POST 1 – 30 DAYS IN VIETNAM
What You Will Find in This Post
Arriving at Hanoi Airport
As we emerged from the unexpectedly small luggage collection area of Noi Bai Airport, we were greeted by the driver from the Rising Dragon Hotel. It was great already having arranged somewhere to stay in Hanoi and having pre-arranged hotel pickup from hanoi airport was fantastic. It was such a relief to find our name being held up on an A4 sheet of paper.
Having heard of the scams run by Hanoi’s dodgy taxi drivers I wouldn’t do it any other way. Contact your hotel direct and they will arrange it. You will be surprised just how affordable it is and it’s the best way of making sure you arrive at the correct hotel.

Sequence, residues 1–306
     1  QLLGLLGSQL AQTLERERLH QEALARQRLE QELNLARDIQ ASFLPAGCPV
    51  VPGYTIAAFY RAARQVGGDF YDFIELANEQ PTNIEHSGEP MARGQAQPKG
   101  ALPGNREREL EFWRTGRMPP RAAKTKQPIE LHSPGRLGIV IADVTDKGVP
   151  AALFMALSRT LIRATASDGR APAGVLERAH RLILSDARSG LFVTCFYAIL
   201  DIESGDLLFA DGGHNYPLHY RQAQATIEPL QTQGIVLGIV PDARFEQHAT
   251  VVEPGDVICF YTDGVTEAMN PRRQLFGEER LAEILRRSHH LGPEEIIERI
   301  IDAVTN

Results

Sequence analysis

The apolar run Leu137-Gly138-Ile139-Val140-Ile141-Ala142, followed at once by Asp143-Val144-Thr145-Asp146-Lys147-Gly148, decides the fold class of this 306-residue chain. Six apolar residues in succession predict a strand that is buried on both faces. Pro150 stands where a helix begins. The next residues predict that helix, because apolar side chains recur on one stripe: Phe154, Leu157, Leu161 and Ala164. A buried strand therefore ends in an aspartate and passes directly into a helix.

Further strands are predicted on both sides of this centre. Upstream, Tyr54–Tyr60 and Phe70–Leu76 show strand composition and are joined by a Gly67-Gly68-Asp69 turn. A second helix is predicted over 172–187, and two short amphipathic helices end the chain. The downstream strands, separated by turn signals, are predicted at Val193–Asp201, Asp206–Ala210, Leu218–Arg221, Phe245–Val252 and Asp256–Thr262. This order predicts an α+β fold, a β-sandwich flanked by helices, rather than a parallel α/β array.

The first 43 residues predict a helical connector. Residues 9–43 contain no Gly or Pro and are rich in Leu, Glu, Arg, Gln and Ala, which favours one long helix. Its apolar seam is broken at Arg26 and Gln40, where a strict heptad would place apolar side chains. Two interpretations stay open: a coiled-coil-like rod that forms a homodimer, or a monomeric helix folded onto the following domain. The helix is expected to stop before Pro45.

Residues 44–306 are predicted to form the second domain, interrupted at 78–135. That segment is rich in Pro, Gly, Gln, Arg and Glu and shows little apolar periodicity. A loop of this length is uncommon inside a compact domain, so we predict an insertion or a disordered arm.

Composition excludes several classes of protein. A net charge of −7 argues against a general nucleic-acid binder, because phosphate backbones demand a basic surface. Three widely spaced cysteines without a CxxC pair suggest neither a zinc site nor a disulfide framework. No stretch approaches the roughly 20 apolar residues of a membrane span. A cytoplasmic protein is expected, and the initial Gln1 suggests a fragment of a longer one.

The drive in from the airport to the old quarter near Hoan Kiem Lake, was an introduction to what we could expect on the streets of Hanoi. Traffic was slow but chaotic by comparison with Australia. We passed a cow, encased in a timber box just big enough to contain him, on a home made trailer just big enough to house the box, which was in turn attached to the back of a motor bike. As we passed, I looked into the cow’s eyes, from an uncomfortably close distance, for a highway, or any road for that matter, but he seemed unfazed by his situation. I guess he had done it all before.